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 Today’s connected consumers want real-time messages and in-the-moment offers and recommendations that reflect their very individual interests and needs says Annie Abrams. No surprise, when you consider how the digital revolution has changed the way this generation of smartphone wielding consumers shop.

Used to having information at their fingertips and being connected to everything – and everyone – all of the time, they’ll happily Google a product while browsing in-store, log into a retail app to download vouchers or check-in to social media to see what others think of a prospective purchase.

But that’s not all. They also expect retailers to bridge the omnichannel gap and instantly recognise them, whatever channel they’re currently using to shop. And the growing popularity of wearable devices is set to take the challenge of gaining a comprehensive view of an individual’s activities and preferences across all channels to the next level.

Joining the dots to deliver in-the-moment personalisation

Gaining a single view of the customer is no easy task. But according to the recent DigitasLBi 2015 Connected Commerce study of retail trends, shoppers around the world increasingly expect a seamless omnichannel and multi-screen experience from brands and retailers.

The research shows that the average consumer now uses a total of five devices when making a purchase. What’s more, as well as computers, smartphones, tablets and smart TVs, consumers are also rapidly embracing wearable technologies, with 17% of shoppers saying they now own a wearable device.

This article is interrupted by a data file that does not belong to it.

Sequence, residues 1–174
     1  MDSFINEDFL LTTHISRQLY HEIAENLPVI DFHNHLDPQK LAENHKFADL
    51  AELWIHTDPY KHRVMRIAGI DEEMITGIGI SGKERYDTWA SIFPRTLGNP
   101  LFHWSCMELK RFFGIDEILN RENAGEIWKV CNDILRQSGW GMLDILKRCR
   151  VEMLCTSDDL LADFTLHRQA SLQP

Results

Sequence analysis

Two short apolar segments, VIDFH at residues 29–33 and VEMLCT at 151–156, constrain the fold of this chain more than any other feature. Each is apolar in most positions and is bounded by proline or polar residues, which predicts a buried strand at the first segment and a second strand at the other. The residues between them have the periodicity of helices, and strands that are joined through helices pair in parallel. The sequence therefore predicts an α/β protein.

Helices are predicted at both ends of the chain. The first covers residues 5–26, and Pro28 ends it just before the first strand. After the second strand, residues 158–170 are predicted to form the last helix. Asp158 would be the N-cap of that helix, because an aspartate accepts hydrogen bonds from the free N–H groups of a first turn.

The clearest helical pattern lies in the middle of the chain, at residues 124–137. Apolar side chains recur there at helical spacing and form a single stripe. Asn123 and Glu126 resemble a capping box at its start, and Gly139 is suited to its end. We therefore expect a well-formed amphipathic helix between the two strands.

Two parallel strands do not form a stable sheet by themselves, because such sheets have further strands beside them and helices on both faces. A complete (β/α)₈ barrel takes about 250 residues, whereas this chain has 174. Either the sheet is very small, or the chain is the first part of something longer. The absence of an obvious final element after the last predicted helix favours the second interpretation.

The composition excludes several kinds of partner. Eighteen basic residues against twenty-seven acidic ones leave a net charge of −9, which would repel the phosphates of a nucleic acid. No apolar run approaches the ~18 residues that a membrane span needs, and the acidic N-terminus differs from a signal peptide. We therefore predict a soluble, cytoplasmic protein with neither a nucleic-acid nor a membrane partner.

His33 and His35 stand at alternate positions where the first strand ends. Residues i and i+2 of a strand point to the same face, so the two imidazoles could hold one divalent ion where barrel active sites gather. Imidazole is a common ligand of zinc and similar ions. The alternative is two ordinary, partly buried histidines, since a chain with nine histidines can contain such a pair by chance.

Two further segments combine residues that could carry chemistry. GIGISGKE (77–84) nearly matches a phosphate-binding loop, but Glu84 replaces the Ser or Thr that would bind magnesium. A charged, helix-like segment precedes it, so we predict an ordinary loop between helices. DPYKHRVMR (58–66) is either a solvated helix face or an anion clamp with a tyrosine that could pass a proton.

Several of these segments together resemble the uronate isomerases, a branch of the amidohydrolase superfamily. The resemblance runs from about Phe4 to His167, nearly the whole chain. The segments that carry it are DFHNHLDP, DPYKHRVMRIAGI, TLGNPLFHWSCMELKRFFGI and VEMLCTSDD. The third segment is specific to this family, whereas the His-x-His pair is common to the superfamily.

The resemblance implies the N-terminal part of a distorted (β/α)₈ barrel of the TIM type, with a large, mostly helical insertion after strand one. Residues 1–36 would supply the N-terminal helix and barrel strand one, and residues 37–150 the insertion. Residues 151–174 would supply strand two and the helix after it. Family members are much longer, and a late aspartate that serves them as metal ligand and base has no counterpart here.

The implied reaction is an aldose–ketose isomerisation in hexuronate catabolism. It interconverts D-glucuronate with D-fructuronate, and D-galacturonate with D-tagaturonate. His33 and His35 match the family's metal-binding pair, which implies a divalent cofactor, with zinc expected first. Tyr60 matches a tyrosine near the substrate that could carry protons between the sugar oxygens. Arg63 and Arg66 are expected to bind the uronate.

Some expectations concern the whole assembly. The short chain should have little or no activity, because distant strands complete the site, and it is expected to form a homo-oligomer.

Many retailers already recognise that mobile is the platform of choice for bargain hunters on the go – a trend that’s confirmed by the 85% of consumers who told DigitasLBi they use their smartphones in-store. But wearable technology has the potential to change the rules of the game once more.

The challenge for brands and retailers is how to go about leveraging their mobile strategy – and by extension, wearable tech – to bring the offline and online worlds closer together to unleash a world of new personalisation tactics that drives online and offline sales.

Personalisation – a key driver to online and offline sales

Today’s ‘Generation Tech’ is intolerant of any inconvenience or barrier to intent – they crave more interesting, more dynamic experiences that are event driven and all about their needs.

Done properly, personalisation is big business. It can drive greater customer loyalty – and increased purchasing. Because, as the DigitasLBi Connected Commerce survey shows, personalising the shopping experience – and making it more convenient – is the surest way to the consumer’s pocket.

Regardless of channel, 62% of respondents who participated in the survey confirmed that they buy more, and more frequently, when they encounter a personalised retail experience. A further 87% said they’ll log into an e-commerce website to actively look for personalised offers – with 78% saying they buy more often as a result, and 76% saying they buy more products. What’s more, 50% said that, as a result of a personalised recommendation, they’d bought products they previously would not have considered.